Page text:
Fondaparinux Effective in Superficial-Vein Thrombosis
May reduce risk of subsequent deep-vein thrombosis, pulmonary embolism
WEDNESDAY, Sept. 22 (HealthDay News) -- Fondaparinux appears to be safe and effective for reducing symptomatic superficial-vein thrombosis of the legs and may reduce the risk of that condition progressing to deep-vein thrombosis or pulmonary embolism, according to the results of a large randomized trial published in the Sept. 23 issue of the New England Journal of Medicine.
Hervé Decousus, M.D., of the Hôpital Nord in Saint-Etienne, France, and colleagues randomly assigned 3,002 patients to fondaparinux or placebo to study the efficacy and safety of the drug as an anticoagulant treatment for acute, symptomatic superficial-vein thrombosis.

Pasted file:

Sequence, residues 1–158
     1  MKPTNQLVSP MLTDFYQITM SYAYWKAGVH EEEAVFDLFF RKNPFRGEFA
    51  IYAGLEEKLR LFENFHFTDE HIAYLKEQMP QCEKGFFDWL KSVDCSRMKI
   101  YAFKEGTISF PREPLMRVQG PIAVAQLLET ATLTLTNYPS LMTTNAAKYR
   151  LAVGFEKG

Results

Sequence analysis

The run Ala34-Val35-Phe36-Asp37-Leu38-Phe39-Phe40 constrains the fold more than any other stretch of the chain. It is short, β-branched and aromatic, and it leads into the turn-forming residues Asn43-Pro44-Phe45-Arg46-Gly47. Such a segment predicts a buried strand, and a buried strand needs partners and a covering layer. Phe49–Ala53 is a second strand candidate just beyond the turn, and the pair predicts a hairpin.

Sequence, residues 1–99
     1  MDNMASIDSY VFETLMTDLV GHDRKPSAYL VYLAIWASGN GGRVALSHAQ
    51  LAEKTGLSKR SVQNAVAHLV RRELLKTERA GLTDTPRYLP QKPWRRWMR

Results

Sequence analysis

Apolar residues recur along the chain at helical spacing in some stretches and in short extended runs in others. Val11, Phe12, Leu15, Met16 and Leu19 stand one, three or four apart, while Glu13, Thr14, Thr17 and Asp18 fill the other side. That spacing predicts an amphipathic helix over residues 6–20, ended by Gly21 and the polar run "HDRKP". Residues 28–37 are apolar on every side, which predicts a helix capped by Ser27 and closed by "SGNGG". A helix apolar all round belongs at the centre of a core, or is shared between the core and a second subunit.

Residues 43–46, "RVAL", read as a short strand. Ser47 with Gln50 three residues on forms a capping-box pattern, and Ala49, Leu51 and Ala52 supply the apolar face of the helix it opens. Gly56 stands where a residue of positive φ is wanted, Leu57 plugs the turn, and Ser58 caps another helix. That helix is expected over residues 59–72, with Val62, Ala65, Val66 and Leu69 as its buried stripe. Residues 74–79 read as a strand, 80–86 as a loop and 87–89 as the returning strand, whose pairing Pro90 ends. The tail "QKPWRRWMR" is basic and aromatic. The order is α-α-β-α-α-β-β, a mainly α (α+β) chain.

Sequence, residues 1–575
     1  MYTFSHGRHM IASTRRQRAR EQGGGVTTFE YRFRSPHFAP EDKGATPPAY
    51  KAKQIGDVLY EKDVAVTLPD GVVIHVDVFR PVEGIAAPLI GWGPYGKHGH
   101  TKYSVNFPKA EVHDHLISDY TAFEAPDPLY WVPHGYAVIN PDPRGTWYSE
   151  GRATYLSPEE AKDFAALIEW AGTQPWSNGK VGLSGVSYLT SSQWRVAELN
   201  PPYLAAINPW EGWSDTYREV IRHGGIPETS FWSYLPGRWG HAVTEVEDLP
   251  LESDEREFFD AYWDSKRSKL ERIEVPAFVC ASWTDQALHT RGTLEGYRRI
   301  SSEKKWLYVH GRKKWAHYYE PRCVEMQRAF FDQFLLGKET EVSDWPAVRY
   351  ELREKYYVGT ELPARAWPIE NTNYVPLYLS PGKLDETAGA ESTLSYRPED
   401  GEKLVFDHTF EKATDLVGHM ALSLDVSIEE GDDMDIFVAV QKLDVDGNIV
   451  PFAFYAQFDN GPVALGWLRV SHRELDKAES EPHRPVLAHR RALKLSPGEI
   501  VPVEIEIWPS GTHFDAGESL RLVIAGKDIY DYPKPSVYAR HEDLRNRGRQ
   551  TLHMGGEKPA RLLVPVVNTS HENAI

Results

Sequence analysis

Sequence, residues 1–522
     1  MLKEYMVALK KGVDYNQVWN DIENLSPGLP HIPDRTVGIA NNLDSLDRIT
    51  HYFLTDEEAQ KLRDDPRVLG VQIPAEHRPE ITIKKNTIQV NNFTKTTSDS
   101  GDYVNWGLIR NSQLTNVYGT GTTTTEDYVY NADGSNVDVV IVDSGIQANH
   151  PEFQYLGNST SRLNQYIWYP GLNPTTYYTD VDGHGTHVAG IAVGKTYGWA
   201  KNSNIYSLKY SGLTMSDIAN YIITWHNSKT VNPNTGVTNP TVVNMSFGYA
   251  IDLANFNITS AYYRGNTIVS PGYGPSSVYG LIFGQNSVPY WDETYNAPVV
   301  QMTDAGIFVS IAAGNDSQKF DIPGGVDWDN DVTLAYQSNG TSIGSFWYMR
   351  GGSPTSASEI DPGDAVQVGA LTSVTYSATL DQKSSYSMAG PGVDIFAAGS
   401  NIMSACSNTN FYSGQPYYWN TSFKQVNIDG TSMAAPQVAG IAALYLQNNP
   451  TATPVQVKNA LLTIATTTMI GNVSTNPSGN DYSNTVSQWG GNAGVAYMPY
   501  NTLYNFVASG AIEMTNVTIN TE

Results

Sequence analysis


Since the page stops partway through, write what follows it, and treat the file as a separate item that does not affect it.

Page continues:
The primary efficacy outcome -- a composite of all-cause death or symptomatic pulmonary embolism, symptomatic deep-vein thrombosis, or symptomatic extension to the saphenofemoral junction or symptomatic recurrence of superficial-vein thrombosis at day 47 -- occurred in 0.9 percent of the 1,502 patients in the treatment arm and 5.9 percent of the 1,500 placebo recipients. Death occurred in 0.1 percent in both groups, but pulmonary embolism or deep-vein thrombosis occurred at an 85-percent lower rate in the treatment arm. Serious adverse events occurred in 0.7 percent of the treatment arm and 1.1 percent of the placebo arm.
"Fondaparinux at a dose of 2.5 mg once a day for 45 days was effective in the treatment of patients with acute, symptomatic superficial-vein thrombosis of the legs and did not have serious side effects," the authors write.
The trial was funded by GlaxoSmithKline; several authors disclosed financial relationships with pharmaceutical companies, including GlaxoSmithKline.